The Tasmanian government's preferred option for a Container Deposit Scheme is a missed opportunity for community groups and the not-for-profit sector. It is a disappointing decision that effectively locks out charities from benefiting from the scheme, in preference for a "for profit" system.
The government's proposed model is based on a NSW system. And while the minister says everybody can participate in his scheme, the reality is under his model the dollar return to community groups and sporting clubs is very low. This is why in NSW, where a similar model operates, less than 20 per cent of collections are by done by community groups and sporting clubs.
Compare this to Western Australia, where sporting clubs, community groups, local government and small business handle some 70 per cent of collections. This should be an opportunity for clubs and charities throughout Tasmania, not just the private sector, not just the waste industry.
Tasmanian has some 260 million containers available for return each year, with a 6.5 cent handling fee that equates to $16.9 million per year that charities and not for profits could inject into their revenue streams. The big problem with the scheme the minister has announced is that if a group such as a PCYC wants to run a collection point, we would need to do so as a sub-contractor to the for-profit Network Operator, who will take a cut of the 6.5 cent handling fee.
This transfer of revenue from the not-for-profit to for-profit section makes no sense and it could for example be the difference between the Launceston PCYC being able to provide entry level jobs for young people, or having to rely on volunteers.
With the growing difficulty in securing sponsors and philanthropists, charities and not for profits need to diversify their income streams and this is a great opportunity to do this. As an example, the Launceston PCYC has ample parking ample and shed storage, we could easily be a large drop off collection point. Initially the scheme would enable us to provide work experience and community hours for people coming out of the youth justice system they would get real life work experience in a range of areas. There would also be the opportunity for entry level for people who have been unemployed for some time.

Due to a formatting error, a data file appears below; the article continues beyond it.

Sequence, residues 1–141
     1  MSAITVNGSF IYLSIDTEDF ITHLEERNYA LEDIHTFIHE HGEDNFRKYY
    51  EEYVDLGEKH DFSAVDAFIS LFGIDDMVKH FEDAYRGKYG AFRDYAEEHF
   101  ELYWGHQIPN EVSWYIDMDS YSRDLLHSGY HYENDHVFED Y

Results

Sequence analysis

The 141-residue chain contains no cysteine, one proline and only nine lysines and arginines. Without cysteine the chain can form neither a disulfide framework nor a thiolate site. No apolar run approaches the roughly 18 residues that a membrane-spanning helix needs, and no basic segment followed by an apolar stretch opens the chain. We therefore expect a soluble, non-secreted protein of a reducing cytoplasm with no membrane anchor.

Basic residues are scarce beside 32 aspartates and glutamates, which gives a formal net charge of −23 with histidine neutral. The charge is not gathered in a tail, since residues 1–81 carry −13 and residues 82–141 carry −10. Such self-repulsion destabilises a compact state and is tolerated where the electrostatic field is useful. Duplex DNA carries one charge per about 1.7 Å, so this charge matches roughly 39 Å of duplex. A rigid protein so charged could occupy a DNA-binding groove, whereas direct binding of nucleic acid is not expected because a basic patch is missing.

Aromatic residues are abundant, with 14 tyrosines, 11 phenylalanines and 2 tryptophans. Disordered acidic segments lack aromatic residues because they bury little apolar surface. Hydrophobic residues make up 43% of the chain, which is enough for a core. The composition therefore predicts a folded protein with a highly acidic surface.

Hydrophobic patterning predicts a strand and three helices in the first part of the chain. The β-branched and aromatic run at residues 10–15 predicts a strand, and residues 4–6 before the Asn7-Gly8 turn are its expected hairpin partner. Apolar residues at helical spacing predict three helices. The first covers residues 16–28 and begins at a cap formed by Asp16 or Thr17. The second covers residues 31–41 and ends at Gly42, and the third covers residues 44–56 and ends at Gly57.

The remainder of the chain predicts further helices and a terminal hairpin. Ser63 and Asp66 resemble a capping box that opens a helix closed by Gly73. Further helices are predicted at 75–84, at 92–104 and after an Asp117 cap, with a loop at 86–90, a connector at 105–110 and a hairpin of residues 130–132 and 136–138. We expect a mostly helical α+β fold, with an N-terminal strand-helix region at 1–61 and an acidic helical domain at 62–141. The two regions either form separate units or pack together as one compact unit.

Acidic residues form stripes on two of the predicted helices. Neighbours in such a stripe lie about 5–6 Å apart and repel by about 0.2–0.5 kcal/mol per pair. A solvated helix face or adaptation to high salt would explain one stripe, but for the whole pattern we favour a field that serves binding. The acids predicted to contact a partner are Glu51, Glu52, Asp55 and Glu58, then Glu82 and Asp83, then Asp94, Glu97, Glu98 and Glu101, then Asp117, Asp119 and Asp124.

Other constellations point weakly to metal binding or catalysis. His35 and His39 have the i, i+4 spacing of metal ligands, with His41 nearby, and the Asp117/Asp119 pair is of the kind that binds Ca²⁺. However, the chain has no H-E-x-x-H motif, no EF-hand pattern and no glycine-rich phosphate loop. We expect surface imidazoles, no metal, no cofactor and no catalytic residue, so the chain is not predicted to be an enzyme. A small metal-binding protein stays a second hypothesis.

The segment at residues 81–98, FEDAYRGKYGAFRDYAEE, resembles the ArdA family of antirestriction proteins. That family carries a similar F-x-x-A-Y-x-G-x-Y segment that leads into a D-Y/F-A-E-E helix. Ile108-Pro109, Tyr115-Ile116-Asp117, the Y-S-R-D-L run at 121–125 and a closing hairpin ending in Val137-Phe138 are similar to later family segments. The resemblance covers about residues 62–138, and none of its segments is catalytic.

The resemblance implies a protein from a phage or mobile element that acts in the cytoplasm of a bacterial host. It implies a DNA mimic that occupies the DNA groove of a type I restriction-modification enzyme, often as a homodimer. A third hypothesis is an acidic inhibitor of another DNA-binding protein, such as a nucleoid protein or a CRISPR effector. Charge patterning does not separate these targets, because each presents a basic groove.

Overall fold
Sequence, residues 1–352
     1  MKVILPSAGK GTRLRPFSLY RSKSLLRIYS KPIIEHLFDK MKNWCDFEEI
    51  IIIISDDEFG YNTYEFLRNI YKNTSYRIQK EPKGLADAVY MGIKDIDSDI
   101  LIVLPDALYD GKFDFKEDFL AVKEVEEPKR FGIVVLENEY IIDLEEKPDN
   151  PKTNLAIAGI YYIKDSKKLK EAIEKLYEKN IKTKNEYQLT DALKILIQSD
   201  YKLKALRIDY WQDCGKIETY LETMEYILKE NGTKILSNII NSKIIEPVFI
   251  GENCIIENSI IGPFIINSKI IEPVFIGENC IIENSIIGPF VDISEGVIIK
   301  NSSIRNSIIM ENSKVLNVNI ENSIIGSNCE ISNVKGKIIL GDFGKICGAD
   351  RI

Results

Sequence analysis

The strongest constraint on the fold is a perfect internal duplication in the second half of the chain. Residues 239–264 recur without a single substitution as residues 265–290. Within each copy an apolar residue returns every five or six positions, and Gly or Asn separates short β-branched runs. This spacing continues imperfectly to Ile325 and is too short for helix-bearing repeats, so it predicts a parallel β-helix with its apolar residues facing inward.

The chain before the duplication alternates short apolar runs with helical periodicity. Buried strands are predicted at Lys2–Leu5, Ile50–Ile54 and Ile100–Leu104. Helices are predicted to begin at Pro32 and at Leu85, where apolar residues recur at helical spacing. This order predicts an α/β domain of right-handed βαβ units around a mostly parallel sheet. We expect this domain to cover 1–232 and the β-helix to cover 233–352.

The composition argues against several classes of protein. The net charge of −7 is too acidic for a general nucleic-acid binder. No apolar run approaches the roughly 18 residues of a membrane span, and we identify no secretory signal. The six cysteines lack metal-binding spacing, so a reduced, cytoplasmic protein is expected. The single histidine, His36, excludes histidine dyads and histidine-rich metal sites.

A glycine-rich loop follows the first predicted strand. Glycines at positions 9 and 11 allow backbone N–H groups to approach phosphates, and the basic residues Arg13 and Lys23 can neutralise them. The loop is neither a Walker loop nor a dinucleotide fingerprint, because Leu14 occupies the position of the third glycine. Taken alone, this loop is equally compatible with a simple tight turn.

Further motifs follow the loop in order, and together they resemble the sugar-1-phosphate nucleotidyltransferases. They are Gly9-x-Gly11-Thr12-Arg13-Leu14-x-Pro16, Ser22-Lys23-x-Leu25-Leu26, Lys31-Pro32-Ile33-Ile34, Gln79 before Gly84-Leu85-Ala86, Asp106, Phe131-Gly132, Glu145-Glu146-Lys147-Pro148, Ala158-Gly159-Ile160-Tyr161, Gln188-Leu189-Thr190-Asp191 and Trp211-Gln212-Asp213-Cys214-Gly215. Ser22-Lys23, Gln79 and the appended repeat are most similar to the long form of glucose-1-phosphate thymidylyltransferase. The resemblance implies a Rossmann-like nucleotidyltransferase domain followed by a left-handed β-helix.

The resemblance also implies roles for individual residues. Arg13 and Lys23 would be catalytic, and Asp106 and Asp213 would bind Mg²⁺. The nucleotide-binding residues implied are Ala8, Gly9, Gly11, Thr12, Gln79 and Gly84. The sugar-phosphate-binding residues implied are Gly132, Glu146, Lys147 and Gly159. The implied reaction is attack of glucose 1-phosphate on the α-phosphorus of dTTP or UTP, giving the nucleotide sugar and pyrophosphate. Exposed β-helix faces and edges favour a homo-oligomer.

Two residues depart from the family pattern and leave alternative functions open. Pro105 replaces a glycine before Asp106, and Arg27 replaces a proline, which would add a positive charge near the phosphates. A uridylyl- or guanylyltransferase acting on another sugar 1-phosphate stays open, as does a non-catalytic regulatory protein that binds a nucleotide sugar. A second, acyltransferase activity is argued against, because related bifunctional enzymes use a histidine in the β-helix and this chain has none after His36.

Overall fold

That's why we should be concerned if a multinational waste recycling company is getting the handling fee. We don't know if the money will even stay in Tasmania or Australia.
In NSW they have a reverse vending machine, where you take your containers and get your 10 cents back and that's very convenient for consumers, but the money doesn't stay in the community and certainly doesn't create jobs on the scale that are possible.
The government needs to choose a system that actively and substantially supports the community sector to create employment and income streams. If it doesn't, we are all missing out.
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